Washington, D.C. — “We love you.”
The words warmed the chill during the first of two days of Supreme Court oral arguments on the future of marriage law in the United States. The scene outside the Supreme Court building, where most of the media were camped out, was reminiscent of the Tower of Babel in the Bible. Only here all were using the same word. They just couldn’t quite agree on what it meant and were unlikely to communicate their different meanings to one another in an agreeable way anytime soon.
But closer to the Washington Monument, a pastor had a prayer.
Salvatore Cordileone is the archbishop of — of all places — San Francisco. He started his brief remarks at the March for Marriage, which was organized by the National Organization for Marriage
, in an attempt to talk to more than just the choir, diverse though it was. And so he addressed, as a father and a leader, “those who disagree with us on this issue” of marriage. “We are your neighbors,” he said. “We want to be your friends. And we want you to be happy. Please understand that we don’t hate you, that we are not motivated by animus or bigotry. It is not our intention to offend anyone, and if we have, I apologize. I would ask that you please try to listen to us fairly and calmly. And try to understand us and our position, and we will try to do the same to you.”
It might have been the most important thing that was said during the two days.
Archbishop Cordileone went on to explain why the political fight for marriage is worth it: “Marriage is the only institution that does this, that connects children to their parents, and parents to their children and to each other.” He acknowledged that that can’t always be — sometimes a marriage won’t produce children. Sometimes a father leaves, or a mother dies. But the debate we’re having “isn’t about parenting skills. . . . We know that sometimes kids can do well in less-than-ideal circumstances.” The political debate is about “rebuilding a marriage culture,” and that begins — and this is only a beginning, and not remotely sufficient — “with preserving in the law the principle that children deserve a mother and a father and that society should do everything it can, and offer all necessary support, to help insure that children get what they deserve,” he said. “Only a man can be a father and only a woman can be a mother, and children need both, and no matter how happy their childhood may be, to grow up without one or the other is always a deprivation,” he explained. “This is not discrimination; on the contrary, marriage benefits everyone, including those of us who are not married and those who disagree with us.”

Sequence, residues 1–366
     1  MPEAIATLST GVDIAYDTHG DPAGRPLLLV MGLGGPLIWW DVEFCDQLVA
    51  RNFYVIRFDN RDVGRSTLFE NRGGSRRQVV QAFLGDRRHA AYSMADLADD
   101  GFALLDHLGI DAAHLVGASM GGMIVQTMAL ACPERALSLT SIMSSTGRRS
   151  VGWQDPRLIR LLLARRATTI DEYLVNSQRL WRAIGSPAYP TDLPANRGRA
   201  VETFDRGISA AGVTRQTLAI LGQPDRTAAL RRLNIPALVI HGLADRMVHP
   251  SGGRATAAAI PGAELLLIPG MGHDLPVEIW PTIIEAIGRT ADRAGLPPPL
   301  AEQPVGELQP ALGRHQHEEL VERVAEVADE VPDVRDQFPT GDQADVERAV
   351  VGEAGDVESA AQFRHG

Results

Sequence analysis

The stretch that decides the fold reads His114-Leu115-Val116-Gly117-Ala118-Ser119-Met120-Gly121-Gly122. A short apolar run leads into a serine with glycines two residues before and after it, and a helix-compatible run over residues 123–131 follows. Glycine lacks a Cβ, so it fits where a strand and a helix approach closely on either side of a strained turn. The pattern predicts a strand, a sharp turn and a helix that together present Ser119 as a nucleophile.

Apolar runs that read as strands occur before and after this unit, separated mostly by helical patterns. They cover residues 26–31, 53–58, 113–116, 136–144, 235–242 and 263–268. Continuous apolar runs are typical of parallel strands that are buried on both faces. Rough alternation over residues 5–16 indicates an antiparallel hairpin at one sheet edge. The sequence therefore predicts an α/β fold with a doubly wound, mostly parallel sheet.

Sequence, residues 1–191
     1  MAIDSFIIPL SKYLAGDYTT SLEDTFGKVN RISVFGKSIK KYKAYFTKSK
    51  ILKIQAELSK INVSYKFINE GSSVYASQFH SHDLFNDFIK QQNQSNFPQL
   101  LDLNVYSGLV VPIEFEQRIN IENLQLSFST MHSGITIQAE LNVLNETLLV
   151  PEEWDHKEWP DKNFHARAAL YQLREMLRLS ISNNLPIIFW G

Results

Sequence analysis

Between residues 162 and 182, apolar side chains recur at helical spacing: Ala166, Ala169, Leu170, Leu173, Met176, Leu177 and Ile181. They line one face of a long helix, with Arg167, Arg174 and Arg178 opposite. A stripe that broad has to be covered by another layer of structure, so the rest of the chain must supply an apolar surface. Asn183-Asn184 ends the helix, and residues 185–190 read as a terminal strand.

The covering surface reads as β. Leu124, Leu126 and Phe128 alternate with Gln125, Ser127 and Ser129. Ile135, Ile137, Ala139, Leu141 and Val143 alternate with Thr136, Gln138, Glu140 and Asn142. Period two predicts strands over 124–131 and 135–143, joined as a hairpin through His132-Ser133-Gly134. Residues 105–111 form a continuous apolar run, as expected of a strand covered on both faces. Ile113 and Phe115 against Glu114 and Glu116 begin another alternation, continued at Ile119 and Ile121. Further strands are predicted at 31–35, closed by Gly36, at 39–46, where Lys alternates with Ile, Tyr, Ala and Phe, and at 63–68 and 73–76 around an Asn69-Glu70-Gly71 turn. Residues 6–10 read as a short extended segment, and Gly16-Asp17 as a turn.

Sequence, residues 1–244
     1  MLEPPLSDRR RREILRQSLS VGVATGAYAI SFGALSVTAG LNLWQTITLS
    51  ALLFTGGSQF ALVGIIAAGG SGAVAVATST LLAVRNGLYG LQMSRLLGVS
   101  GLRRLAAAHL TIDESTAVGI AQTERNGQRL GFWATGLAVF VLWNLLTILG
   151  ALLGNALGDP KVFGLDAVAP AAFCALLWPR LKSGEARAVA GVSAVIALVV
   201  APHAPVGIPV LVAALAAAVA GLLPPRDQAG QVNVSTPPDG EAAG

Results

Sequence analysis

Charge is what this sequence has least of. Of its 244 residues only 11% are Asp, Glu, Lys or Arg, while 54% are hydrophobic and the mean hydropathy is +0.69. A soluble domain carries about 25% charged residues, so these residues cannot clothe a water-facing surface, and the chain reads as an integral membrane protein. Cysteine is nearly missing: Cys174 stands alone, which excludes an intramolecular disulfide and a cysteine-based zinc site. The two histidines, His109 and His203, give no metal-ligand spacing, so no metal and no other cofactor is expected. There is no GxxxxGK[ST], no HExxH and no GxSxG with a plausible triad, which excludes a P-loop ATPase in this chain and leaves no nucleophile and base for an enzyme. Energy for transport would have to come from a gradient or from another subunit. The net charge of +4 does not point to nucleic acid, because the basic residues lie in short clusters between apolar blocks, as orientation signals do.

His posture of loving clarity in the public square is the work of Catholics for the Common Good. To hear its president, William B. May, is to realize that those who seek to preserve marriage as the union, in law, of a man and a woman is not to seek to exclude. Theirs is not a position born of hatred or bitterness.
The confusion and the pain hit a climax when seemingly everyone started to use the phrase “same-sex marriage.” “Most people don’t realize that marriage is being redefined, and the consequences have not been considered,” May, author of Getting the Marriage Conversation Right, points out. “The question is always framed as participation of same-sex couples in marriage and whether it is fair or, in the case of the proceeding this week, constitutional to exclude them. The use of the term ‘same-sex’ or ‘gay’ marriage only reinforces this false perception. In reality, there is no such thing as ‘same-sex marriage’ in the law. The law is changed to remove ‘man’ and ‘woman,’ and ‘two persons’ is substituted. This redefines marriage, as much as opponents try to deny it, and has the consequence of eliminating the only institution geared to unite kids with their moms and dads.”
If the consequences of our linguistic confusion is a Supreme Court ruling of the likes of Roe v. Wade, one that puts the Supreme Court in the role of culture-changer, mandating social change by judicial fiat rather than letting democracy work it out, this is where the discrimination will begin.
“The marriage crisis is specifically related to a decline of men and women marrying and of an increase of fatherless homes, with severe human and societal consequences,” May emphasizes. “If the only institution that unites kids with their moms and dads is eliminated, it would become legally discriminatory to promote the unique value of men and women marrying before having children,” he explains. “It would require teaching children that families deprived of mothers and fathers united in marriage are role models for families to aspire to.”
Which is why now is a time to get down to the business of working out together just what it is we are talking about. This linguistic confusion is not a rhetorical quirk of the age but the consequence of the upheaval of recent decades: what technology and competing, confusing ideas about freedom have wrought in the lives of men and women and children, in the way we find ourselves relating to one another, and in what we have come to expect from one another.
We all want, need, and deserve love. The debate over marriage isn’t about questioning this — or denying it. It’s about what marriage is and what common good the law serves in being involved with it. We won’t have a prayer at rebuilding a marriage culture until we help clarity and love to prevail.
— Kathryn Jean Lopez is editor-at-large of National Review Online. This column is available exclusively through Andrews McMeel Universal’s Newspaper Enterprise Association. She is a director of Catholic Voices USA.